Saturday, December 13, 2008
The OC's Twin Peaks 50K -- 6:56:45 and 11th Place Overall
Casey and I ran the OC's Twin Peaks 50K on December 13, 2008. Casey picked this as his first ultrathon.
Thanks to Jessica for putting on a great race despite the terrible weather. The weather made it fun, the threat of missing aid stations challenging. (At one aid station, I was told to "prepare" for the fact the next aid station might be missing. I prepared by drinking more water. I thought about eating more food but didn't want to get too far behind the three runners who left the aid station, whom I quickly passed.)
We started at 6:30 a.m. The 50K runners started at different times, 6:00 a.m., 6:30 a.m. and 7:30 a.m. My start time was 7:30 but I elected to start with Casey at 6:30. As a consequence I was running with first-time ultrathonners.
It wasn't quite sunrise when we started. The weather was moderate, in the mid-50s, so I elected to run in summer running attire.
The leg to the first aid station was an immediate ascent. Following my normal pattern I never study the course in advance, so the immediate climb of the first peak was a big surprise. The first aid station was near the first peak; a long ascent. To my surprise, I was the first in our running group pulling into the aid station, although Casey was ahead of me all the way to the peak itself. I made up time on the small downhill right before the aid station. But, leaving the aid station, another runner beat me out of it and I could never catch up to him. I dropped Casey running out of the first aid station.
Eventually, one more runner from my group passed me near Santiago Peak.
After the first aid station I started to pass some 6:00 a.m. starters.
By far the greatest part of the run was the descent down the 4-mile single track known as West Horsethief. This was a challenging rock-strewn twisting descent; I couldn't quite barrel down this one. The ascent up the single track known as Holy Jim right after the descent was a whole lot of fun; I passed several racers from the 6:00 a.m. departure on this climb as well as about 30 hikers. This was a beautiful ascent; it then hooked into a fire road three miles below Santiago Peak.
There's an aid station right at this connection to the fire road. One guy standing there; it looked like he had just arrived. I begged for a trash bag and I felt lots better in the cold rain. I should have dressed for cold weather It was really cold at this aid station and I was looking at a three-mile ascent to the peak.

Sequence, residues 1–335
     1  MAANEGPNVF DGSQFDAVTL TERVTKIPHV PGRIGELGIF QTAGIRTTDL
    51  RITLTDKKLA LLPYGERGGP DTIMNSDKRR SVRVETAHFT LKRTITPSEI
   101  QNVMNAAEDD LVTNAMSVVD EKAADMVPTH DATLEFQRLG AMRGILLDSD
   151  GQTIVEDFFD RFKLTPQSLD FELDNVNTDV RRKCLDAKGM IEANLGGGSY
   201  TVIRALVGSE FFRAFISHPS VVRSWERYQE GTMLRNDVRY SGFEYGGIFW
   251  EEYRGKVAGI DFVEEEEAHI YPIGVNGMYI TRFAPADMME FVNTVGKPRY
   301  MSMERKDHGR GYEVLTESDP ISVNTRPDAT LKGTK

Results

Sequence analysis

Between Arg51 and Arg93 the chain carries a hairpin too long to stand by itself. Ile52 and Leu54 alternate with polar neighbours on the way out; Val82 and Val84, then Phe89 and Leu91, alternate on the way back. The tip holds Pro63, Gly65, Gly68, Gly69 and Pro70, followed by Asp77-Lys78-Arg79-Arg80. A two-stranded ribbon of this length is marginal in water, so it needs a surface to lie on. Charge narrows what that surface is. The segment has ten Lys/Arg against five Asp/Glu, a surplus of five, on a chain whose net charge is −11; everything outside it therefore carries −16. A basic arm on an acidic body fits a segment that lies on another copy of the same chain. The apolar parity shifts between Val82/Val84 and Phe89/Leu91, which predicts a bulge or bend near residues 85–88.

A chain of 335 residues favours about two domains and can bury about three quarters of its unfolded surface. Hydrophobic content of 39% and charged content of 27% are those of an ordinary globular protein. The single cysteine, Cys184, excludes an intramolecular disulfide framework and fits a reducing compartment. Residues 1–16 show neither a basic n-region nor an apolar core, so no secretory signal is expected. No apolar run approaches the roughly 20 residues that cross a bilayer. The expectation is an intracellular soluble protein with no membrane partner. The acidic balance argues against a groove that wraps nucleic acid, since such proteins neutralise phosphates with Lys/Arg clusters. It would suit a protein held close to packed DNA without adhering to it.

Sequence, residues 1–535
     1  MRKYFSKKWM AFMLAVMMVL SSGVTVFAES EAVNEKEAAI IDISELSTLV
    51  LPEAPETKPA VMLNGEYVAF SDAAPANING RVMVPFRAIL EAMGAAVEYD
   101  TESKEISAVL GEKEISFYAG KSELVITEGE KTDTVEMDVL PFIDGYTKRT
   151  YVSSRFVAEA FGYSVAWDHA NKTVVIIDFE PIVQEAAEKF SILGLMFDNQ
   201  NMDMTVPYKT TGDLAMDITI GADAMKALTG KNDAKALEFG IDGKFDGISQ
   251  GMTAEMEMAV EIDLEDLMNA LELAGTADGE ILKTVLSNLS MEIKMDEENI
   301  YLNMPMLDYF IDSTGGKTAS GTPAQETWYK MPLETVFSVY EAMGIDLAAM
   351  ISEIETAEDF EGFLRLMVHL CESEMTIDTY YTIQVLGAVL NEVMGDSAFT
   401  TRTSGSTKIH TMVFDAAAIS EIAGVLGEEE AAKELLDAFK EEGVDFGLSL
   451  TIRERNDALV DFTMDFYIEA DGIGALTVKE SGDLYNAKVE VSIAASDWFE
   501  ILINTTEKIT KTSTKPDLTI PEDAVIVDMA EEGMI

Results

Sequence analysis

At Santiago Peak the fog, rain and clouds obscured vision so much it was often difficult to see the path right in front of me. The aid station volunteer looked like she had just arrived as well; she was pulling stuff out of the camper shell in her pickup truck and it wasn't a lot of stuff.
The wind and rain were roaring. The wind was screaming through the communication towers on the top of Santiago Peak; we ran right below the towers.
On the descent out of Santiago Peak I saw Casey on the out and back. He was only about 40 minutes behind. He was looking great but he was walking with some other walkers. (I had made the entire ascent of Santiago Peak running; it wasn't easy but I was afraid of hypothermia and thought that if my pulse rate dropped I might get too cold. If I kept eating and running I thought I'd be OK.)
In the poor weather I missed a turn and added almost two miles and 20 minutes to my run. I was pretty unhappy when some experienced Twin Peaks runners about an hour behind me were telling me that I was on the wrong descent.
I finally rejoined the right trail and booked it for the really long downhill back to the start. The descent from the last aid station was a seven-mile downhill on a fire road. I was in heaven. Trail wasn't too rugged so I could really lay it out. Not too hard, warming up a little, even a little sunshine.
Here are the results; second in my age class.
At the bottom, I waited for hours and Casey finally arrived by truck. In the poor weather when he saw me wearing my trash bag on the out and back, he asked for one as well, but instead of my see-through bag he got a black one. It hid his bib and so the race directors guided him into the 50-mile route. He was ten miles into it when an aid station alerted him to the fact, and since the last 20 miles of the 50 is a re-ascent of one of the peaks he wasn't prepared for, he caught a ride back.
Once again, as I have done my last three races, I had twisted my ankle and taken a bloody header, with folks up and down the line commenting on it and trying to help.
I spent an hour talking with Andy Salinger, an avid reader of brother Dave's blog. Andy had come in second place, was a 7:30 starter, and actually passed me near the finish. Three 7:30 starters passed me. Andy knew Dave's 2008 runs far better than I did, and I had run a couple of them. Andy said that Twin Peaks was quite a run to use for a beginner.
Dave's friend Jim Skaggs DNF'd on the 50M. I heard that he had stopped to help somebody in a car accident up near Santiago on the fire road.
One week later my ankle is still bruised and swollen. It also took me about five days to recover from the effects of hypothermia. It was worse than I had thought. I had experienced the same symptoms in two prior runs where I got too cold -- several days of feeling like I couldn't warm up and feeling a little ill.
It seems the 2009 Twin Peaks Ultra will be run in its normal month February, and it is offering a 100K. Hmm. If I want to tackle the 100M Big Horn I might want to do this one.